Vertase FLI Completes Innovative Peat Stabilisation Trials

Vertase FLI has recently completed innovative peat stabilisation trials using Ordinary Portland Cement (OPC) and combustion waste materials (wastes destined for disposal unless a more sustainable method of re-use can be found). The trials confirmed strength gains within peat using OPC-combustion waste mixtures that were in excess of those observed using traditional OPC-sand mixtures, whilst offering the added benefits of greater handleability and sustainability. The potential to reduce the quantity of OPC when combining with combustion waste materials could offer significant cost savings to future projects.

Construction of infrastructure over land containing peat and peaty soil has long been a challenge to geotechnical engineers working on civil engineering schemes. An obvious solution is to excavate and relocate the peat deposits allowing for the infilling of the resultant void with geotechnically competent materials. However, the costs to undertake this are typically prohibitively high meaning that an alternative solution has to be found whereby the peat can remain in situ.

One such solution which has been widely explored by geotechnical engineers is the addition of OPC to improve the geotechnical properties of peat and peaty soil, typically in significant quantities (e.g. 300 kg/m3). The curing of the cement enhances the compressive strength and bearing capacity of the material to values which are more in-keeping with the requirements of proposed infrastructure.

However, OPC is a primary product manufactured from raw materials (calcareous and argillaceous materials such as limestone or chalk, and from aluminium oxide, silica oxide, ferric oxide and magnesium oxide found as clay or shale). Its production, which involves quarrying and heating of materials to high temperatures has a significant carbon footprint and is cited to contribute up to 10% of the worlds carbon dioxide emissions. It is therefore unsurprising that there has been an impetus within the geotechnical community to identify additives/bulking agents that can be combined with the OPC to reduce the required cement addition while still imparting the required geotechnical improvement to the peat.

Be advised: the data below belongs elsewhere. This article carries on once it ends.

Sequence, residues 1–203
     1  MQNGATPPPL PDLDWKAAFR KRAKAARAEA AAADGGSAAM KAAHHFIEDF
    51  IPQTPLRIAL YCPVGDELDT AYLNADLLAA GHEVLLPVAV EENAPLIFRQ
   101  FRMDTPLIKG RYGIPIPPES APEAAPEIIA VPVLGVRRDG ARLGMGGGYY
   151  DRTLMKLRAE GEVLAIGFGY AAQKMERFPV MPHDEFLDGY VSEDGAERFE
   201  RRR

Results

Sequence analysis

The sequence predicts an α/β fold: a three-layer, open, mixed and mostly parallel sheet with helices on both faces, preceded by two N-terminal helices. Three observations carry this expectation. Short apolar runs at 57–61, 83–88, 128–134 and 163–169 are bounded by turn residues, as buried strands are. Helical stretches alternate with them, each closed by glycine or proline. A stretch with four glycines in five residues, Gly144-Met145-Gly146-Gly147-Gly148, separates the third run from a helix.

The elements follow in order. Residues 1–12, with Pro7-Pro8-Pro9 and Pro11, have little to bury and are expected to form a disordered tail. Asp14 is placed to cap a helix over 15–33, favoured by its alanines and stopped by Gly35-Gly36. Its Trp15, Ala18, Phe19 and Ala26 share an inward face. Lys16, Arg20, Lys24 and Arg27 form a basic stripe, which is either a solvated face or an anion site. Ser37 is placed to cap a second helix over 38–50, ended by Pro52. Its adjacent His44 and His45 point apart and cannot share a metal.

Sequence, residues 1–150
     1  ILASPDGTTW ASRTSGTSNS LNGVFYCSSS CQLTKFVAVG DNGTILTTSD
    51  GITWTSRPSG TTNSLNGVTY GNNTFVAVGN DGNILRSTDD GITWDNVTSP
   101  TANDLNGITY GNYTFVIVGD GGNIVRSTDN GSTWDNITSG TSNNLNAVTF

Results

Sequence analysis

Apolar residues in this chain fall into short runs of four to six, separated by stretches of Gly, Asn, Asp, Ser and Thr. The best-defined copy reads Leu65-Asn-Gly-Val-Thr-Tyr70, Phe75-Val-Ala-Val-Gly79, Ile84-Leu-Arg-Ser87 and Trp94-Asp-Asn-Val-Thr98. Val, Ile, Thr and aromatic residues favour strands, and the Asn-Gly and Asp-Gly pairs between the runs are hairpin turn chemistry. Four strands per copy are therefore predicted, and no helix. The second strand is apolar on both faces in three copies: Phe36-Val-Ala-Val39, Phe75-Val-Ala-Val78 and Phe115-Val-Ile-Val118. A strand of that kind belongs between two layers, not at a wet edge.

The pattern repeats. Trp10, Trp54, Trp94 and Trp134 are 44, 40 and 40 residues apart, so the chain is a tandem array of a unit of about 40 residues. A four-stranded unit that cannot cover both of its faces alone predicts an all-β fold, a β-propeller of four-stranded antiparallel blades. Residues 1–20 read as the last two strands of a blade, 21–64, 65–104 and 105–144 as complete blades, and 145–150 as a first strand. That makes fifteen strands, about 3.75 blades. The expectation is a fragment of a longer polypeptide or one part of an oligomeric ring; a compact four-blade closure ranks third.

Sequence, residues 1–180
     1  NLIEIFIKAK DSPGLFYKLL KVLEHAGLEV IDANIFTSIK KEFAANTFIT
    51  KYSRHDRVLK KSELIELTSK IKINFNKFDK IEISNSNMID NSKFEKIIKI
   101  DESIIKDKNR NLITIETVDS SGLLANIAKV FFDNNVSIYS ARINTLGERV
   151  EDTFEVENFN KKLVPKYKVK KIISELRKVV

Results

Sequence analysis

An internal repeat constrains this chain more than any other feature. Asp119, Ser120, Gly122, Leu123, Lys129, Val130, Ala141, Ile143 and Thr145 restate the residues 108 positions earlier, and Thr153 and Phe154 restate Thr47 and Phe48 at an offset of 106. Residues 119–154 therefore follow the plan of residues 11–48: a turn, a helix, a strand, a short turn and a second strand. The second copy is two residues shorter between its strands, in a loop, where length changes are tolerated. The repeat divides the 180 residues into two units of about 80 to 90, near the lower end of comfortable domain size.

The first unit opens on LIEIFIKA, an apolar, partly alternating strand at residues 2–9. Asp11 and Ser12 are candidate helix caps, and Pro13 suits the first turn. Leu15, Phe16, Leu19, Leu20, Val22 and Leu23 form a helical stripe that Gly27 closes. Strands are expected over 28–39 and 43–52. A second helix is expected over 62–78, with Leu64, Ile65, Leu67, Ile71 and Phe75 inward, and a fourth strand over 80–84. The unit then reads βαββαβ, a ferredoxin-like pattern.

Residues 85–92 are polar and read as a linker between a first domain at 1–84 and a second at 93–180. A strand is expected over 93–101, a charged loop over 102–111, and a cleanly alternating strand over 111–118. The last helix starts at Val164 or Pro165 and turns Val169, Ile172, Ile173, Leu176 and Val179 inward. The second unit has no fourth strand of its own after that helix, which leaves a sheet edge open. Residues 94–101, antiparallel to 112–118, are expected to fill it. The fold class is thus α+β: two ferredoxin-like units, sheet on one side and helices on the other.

Additives and bulking agents used commercially have traditionally included sand or similar granular materials. Sand is understood to play a vital role in enhancing the bonding in cementitious reactions by filling voids and providing a skeleton. OPC-sand mixtures have been shown to impart equal to or superior geotechnical properties to peat when compared to OPC alone.

As a remediation contractor offering sustainable remediation strategies to our clients, we have a vested interest in sustainability issues whilst still delivering the required geo-environmental and geotechnical improvements to land that are required by all project stakeholders. When approached by an environmental consultancy to undertake some geotechnical stabilisation trials on peat, we have therefore gone beyond the use of standard OPC-sand mixtures and explored the use of combustion waste materials (by-products from industrial combustion processes) as an additive/bulking agent to the OPC. Unlike sand, which is also a primary product, combustion wastes are destined for disposal unless a more sustainable method of re-use can be found and agreed with Regulators.

Our peat stabilisation trials using OPC-combustion waste mixtures demonstrated significant strength gains within the peat relative to unamended samples. Twenty-eight day CBR results of up to 11% were achieved with moderate additions of the mixture, offering the potential for significant cost advantages to the project relative to the more widely commercially adopted OPC-sand mixtures. Furthermore, the increased handleability of the OPC-combustion waste mixture (by virtue of its consistency) and its reduced carbon footprint represent significant advancements in the geotechnical improvement of peat, which we feel are worthy of sharing with the wider geotechnical and earthworks community. Finally, diverting a waste material from disposal by identifying innovative and sustainable methods of re-use can be considered a key responsibility imparted onto us all during our gradual transition from a consumer to a circular economy – a frontier that we are keen to push at VertaseFLI.

A more detailed technical report regarding the peat stabilisation trials can be viewed here.

If you have any questions about the methods or indeed enquiries for geotechnical stabilisation works, please get in touch with Ian Burton ( or Duncan Scott ( and we shall be happy to discuss further with you.